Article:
Understanding key geological processes and controls on cold-water coral habitat development in submarine canyons

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O'Reilly, Luke
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University College Cork
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Cold-water corals are sessile, filter-feeding organisms that baffle water flow inducing sedimentation around their framework. Through geological time, should environmental conditions permit, they can produce positive topographic features on the seafloor called mounds through successive and persistent reef development. These reef ecosystems are considered biodiversity “hotspots” between 200 and 1000 m in the Atlantic Ocean. They are regarded as vulnerable marine ecosystems, providing essential ecosystem services. Over the past two decades, a considerable body of information has been accumulated on understanding the temporal development of CWC reef and mound formation. However, this research is limited in resolution, the range of study sites and datasets analysed. Here, an assessment of the temporal variation of CWC reefs and mounds situated in the west Porcupine Bank (wPB) and Porcupine Bank Canyon (PBC) is presented as well as background palaeoenvironmental information from an off-mound core. Previous studies of the spatial distribution of reefs and mounds reveal that they are dispersed across a variety of geomorphological settings in the region, including the canyon head, along the canyon lip and on the bank. This research broadly aims to understand the temporal distribution of the coral habitats within these contrasting settings. In 2015 and 2016, the QuERCi I and QuERCi II research cruises attempted coring the substrates of the canyon using traditional methods (i.e. gravity and box-corers). However, the acquired cores were insufficient in size and lacked an understanding of what habitat they were taken from. As such, 2 more research cruises (CoCoHaCa I and CoCoHaCa II) were carried out in 2017 and 2018 using sophisticated novel coring systems (ROV-vibrocoring). These methods proved successful, and cores were acquired through various CWC habitats in the canyon (mound summits, flanks, bank, slope and foot of the slope) and presented herein. This data includes novel 3-dimensional computed tomography (CT) derived imagery alongside traditional sedimentological approaches. The CT imagery was used to classify reef and mound formation/cessation. The cores were then split, sampled and investigated using a series of analytical techniques. The phases of formation/cessation were first constrained using radiocarbon dating and the cores were subsequently examined using grain size analysis to interpret the hydrodynamic regime. Stable isotope analysis on planktic and benthic foraminifera was then used to investigate paleoenvironmental conditions, which were contextualized by benthic foraminifera assemblages. An off-mound core was examined to elucidate the impact of the (de)glaciation of the British-Irish Ice Sheet (BIIS) on the wPB. Analysis of the core revealed that several fluxes of ice-rafted debris were deposited to the site. It was found that bottom currents became sluggish during stadial phases. Evidence for iceberg scouring in the core was also identified. Two coral bearing cores acquired from mound summits of variable distance to the canyon were then analysed. It was found that mound growth was twice as fast on the canyon lip than mounds 1 km away on the wPB. Multiproxy data revealed that a high food signal occurs closer to the canyon. This suggests that submarine canyons play a key role in enhancing particle supply and therefore influences coral growth and mound developmenton the margin. The radiocarbon dates acquired from coral bearing cores on the wPB suggest that corals occupied the bank since at least 45.1 ka BP. This finding subsequently resulted in revising our understanding of CWC re-expansion into the NE Atlantic during favourable climatic conditions, highlighting the crucial role played by submarine canyons. Findings outlined in this thesis provides the scientific community with new insights into the tolerances of cold-water corals during ecological tipping points. Furthermore, it highlights the need to investigate other submarine canyons occupied by CWCs in the NE Atlantic using ROV-vibrocoring.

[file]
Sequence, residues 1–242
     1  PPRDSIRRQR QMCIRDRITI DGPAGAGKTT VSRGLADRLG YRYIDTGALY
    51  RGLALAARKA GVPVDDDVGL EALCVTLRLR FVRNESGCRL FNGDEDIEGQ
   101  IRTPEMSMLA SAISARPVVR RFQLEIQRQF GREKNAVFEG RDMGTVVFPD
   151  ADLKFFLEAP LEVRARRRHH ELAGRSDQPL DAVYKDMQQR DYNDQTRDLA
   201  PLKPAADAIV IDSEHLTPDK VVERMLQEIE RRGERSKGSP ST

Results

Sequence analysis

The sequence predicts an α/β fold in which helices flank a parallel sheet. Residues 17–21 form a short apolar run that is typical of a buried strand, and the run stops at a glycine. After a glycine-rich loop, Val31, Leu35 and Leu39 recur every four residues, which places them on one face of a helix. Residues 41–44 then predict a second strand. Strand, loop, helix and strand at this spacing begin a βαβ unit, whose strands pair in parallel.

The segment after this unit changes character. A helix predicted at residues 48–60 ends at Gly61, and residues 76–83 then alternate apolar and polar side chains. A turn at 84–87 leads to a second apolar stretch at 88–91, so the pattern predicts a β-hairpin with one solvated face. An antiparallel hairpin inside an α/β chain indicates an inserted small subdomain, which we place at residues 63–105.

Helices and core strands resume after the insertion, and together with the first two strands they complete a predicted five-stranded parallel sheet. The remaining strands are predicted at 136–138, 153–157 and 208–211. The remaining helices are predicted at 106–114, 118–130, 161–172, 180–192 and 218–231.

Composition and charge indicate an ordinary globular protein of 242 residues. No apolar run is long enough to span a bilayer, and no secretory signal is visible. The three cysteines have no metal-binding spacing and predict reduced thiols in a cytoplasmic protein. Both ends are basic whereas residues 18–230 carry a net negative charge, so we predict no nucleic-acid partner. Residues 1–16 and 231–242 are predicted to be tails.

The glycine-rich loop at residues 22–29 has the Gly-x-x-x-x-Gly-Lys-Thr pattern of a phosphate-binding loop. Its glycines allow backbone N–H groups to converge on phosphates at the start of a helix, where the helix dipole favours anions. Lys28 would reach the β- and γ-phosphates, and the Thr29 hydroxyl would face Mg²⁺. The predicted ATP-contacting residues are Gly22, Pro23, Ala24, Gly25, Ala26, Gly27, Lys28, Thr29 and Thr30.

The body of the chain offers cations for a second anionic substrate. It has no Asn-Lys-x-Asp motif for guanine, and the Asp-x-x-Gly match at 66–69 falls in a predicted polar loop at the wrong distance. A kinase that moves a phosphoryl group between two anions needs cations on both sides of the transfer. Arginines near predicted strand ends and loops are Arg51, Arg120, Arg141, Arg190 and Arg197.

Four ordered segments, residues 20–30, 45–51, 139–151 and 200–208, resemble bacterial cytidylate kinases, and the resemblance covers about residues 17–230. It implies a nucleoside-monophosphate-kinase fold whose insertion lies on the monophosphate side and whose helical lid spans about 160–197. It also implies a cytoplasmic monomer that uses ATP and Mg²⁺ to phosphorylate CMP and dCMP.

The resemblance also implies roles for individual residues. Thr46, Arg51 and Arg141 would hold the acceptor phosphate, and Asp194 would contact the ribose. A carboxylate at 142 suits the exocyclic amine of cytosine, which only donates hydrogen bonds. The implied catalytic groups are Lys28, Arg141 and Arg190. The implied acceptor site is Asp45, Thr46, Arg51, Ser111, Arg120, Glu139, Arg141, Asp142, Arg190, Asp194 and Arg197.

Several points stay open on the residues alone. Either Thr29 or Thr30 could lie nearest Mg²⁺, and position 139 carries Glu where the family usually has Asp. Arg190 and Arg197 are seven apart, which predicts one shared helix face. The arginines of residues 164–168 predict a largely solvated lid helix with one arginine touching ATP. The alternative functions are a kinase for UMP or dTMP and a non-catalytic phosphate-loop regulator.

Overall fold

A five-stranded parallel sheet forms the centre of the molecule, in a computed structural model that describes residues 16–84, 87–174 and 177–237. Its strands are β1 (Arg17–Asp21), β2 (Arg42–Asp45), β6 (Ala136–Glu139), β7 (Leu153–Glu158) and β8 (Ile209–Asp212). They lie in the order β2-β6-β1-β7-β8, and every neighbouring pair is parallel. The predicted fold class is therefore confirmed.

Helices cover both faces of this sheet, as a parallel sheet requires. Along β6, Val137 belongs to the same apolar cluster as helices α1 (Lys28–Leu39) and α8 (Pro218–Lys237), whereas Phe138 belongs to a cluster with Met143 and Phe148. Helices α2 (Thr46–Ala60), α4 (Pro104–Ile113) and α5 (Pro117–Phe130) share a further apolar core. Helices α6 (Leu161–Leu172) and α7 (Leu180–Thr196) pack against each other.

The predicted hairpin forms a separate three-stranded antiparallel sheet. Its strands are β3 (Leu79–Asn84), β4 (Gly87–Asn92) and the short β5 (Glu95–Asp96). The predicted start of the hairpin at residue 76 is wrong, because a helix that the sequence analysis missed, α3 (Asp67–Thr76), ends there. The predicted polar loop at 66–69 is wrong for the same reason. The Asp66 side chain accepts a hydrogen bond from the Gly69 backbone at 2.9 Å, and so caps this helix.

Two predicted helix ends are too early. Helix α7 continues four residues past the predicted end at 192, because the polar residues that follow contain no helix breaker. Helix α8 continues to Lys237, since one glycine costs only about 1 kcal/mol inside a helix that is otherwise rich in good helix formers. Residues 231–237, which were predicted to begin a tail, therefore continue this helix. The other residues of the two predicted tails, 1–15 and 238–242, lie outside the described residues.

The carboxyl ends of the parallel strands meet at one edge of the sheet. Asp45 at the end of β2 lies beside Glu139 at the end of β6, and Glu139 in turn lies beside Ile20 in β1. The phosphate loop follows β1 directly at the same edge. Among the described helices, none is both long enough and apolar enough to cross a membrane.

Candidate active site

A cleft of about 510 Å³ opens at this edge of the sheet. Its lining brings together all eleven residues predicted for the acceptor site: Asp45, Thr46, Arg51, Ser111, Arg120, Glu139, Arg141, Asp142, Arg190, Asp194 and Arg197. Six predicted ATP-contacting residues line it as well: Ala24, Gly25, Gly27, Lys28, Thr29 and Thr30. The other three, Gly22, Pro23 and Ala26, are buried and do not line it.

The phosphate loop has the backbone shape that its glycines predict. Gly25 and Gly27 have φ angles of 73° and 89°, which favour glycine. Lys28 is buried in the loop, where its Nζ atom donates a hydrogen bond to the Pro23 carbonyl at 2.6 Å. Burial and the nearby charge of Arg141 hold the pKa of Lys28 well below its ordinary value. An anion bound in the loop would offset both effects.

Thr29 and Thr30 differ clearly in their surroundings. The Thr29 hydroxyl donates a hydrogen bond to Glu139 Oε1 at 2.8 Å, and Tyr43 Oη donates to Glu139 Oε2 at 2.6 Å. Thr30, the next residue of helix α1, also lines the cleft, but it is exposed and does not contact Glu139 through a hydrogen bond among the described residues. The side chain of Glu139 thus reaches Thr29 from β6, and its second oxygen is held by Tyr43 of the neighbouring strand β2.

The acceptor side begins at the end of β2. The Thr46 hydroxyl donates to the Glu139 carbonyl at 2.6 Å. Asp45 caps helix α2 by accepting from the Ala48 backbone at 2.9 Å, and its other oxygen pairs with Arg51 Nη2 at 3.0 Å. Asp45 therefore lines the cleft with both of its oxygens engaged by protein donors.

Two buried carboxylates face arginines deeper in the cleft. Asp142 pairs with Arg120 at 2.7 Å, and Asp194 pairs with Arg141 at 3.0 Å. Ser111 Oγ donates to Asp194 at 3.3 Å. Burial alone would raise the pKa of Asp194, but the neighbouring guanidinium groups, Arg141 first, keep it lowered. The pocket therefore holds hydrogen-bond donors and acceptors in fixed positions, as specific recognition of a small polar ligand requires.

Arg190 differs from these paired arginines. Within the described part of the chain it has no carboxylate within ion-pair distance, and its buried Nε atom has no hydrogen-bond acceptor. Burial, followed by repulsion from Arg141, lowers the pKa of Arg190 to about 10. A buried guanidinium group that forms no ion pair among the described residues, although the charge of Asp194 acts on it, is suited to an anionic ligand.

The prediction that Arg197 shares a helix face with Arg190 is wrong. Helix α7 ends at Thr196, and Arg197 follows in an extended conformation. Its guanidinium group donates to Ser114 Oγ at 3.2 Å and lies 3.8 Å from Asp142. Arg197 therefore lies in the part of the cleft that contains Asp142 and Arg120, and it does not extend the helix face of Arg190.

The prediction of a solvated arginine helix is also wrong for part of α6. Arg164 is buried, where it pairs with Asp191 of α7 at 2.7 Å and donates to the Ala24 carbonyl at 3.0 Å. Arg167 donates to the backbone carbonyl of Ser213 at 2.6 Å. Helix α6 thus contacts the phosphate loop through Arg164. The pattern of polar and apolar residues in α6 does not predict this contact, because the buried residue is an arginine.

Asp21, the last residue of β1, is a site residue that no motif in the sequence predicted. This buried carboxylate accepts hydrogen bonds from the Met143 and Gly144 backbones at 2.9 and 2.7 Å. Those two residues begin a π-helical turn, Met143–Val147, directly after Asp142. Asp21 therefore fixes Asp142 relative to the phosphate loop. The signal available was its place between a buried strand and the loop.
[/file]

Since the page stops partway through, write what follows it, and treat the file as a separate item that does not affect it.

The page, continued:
Marine geology , Submarine canyons , Cold-water corals , Ice-rafted debris , Micropaleontology , Planktic foraminifera , Benthic foraminifera , Grain size analysis , Computed tomography , Stable isotopes , Carbon dating , Sedimentology , Holocene , Pleistocene , Special Area of Conservation , Porcupine Bank Canyon
O’Reilly, L. G. R. 2022. Understanding key geological processes and controls on cold-water coral habitat development in submarine canyons. PhD Thesis, University College Cork.